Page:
UK

Whole-life terms 'not wrong in principle', court hears

  • 24 January 2014
  • From the section UK
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Prison
Image caption European judges ruled last year that whole-life tariffs breached human rights

Whole-life terms for some killers are "not manifestly excessive or wrong in principle", the Court of Appeal heard.

A lawyer for the attorney general said it would be "unduly lenient" not to impose a whole-life term if justified by the "seriousness of the offending".

The Court of Appeal is considering if such sentences are still legal, with a decision due at a later date.

Last year the European Court of Human Rights (ECtHR) ruled the sentences must be reviewed at some point.

But the UK government says whole-life tariffs are "wholly justified in the most heinous cases".

James Eadie QC, representing Attorney General Dominic Grieve QC, said that the Court of Appeal had already set out very clear principles and guidance on how whole-life orders could be imposed.

He said the ECtHR judgement did not remove the right of judges to impose a whole-life term - it only raised a question for the state as to whether there should be a later review.

"There is no problem," he said. "Whole-life orders are not in principle or nature incompatible [with the European Convention of Human Rights].

"There is no basis for interfering with these sentences."

Controversial ruling

The Court of Appeal is considering three cases.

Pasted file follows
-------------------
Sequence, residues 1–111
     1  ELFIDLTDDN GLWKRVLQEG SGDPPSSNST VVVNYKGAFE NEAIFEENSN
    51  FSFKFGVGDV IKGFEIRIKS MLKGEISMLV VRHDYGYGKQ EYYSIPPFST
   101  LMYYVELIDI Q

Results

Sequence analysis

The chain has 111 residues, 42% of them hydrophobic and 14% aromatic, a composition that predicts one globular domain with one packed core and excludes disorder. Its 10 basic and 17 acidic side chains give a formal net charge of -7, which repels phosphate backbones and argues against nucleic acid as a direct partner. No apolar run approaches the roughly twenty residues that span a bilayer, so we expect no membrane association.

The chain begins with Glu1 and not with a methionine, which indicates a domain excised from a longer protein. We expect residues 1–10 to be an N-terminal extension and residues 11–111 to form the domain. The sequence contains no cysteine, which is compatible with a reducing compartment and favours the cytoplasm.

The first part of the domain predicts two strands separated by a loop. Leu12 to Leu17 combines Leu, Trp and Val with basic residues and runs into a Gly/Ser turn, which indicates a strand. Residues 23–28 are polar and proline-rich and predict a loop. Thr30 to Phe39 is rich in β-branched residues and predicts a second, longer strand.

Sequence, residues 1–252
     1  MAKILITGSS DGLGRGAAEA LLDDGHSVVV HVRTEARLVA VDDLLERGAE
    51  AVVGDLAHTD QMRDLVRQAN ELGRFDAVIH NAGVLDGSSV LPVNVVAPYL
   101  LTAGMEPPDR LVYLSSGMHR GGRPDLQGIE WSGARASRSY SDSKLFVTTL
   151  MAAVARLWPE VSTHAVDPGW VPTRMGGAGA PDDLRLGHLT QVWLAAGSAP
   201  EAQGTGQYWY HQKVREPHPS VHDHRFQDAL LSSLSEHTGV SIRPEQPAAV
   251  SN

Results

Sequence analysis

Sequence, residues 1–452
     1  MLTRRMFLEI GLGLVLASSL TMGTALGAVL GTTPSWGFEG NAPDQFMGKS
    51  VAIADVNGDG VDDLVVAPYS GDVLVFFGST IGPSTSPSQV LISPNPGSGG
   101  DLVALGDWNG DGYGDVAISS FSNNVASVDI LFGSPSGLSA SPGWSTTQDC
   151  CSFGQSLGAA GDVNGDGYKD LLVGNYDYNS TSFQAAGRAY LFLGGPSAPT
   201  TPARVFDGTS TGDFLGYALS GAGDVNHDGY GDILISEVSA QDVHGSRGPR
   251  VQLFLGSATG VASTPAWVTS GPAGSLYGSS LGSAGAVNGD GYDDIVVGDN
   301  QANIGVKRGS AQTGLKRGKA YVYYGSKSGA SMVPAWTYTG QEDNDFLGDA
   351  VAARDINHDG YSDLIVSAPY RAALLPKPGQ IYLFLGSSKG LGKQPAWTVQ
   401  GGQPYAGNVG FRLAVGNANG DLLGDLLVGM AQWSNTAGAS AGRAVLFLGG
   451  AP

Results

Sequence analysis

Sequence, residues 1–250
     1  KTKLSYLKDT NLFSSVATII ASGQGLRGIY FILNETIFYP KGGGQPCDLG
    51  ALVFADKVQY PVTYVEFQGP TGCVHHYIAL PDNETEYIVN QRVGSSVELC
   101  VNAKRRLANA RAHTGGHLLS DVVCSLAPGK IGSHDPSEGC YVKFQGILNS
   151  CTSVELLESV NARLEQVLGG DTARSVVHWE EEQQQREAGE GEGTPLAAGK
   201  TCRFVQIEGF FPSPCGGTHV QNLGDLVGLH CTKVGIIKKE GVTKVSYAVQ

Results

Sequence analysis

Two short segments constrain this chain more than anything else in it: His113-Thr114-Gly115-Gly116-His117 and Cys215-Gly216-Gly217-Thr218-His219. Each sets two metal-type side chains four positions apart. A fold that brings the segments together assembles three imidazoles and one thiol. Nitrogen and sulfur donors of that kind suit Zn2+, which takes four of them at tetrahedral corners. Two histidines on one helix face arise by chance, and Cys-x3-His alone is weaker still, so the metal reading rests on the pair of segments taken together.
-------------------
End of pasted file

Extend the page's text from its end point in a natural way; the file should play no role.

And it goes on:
Lee Newell, who murdered child killer Subhan Anwar, while already in prison for another killing. The judges are also set to correct the record regarding murderer and rapist Matthew Thomas, who was incorrectly told after his trial that he had been given a whole-life sentence.

The attorney general is separately asking the court to give a third murderer, Ian McLoughlin, a whole-life order.

The ECtHR, in Strasbourg, ruled last year that whole-life orders were a breach of human rights, following a successful appeal by murderers Jeremy Bamber, Douglas Vinter and Peter Moore.

The court said that while it accepted whole life orders could be justified, there should nevertheless be some way of having imprisonment reviewed after 25 years.

That decision prompted the judge dealing with McLoughlin to sentence him to life with a minimum term of 40 years, rather than a whole-life term.

Speaking after the hearing, Mr Grieve said: "This hearing was about preserving the principle that whole life orders can be imposed for particularly heinous and serious crimes. I asked the Court of Appeal to look again at the sentence handed down to Ian McLoughlin as I believed the sentencing judge mistakenly took into account a decision of the European Court of Human Rights which is inconsistent with the domestic legislation and case law by which he was bound.

"I believed the seriousness of this case required a whole life order because McLoughlin had a previous conviction for manslaughter in 1984, a conviction for murder in 1992, and because the murder for which he was being sentenced was committed in the course of robbery."

The outcome of the appeals could determine the future direction of sentencing for the most serious killers in England and Wales, as well as have an impact on the 52 prisoners currently on whole-life terms. It may also affect the men convicted of murdering Fusilier Lee Rigby. Their sentencing has been postponed until after the outcome of this appeal.

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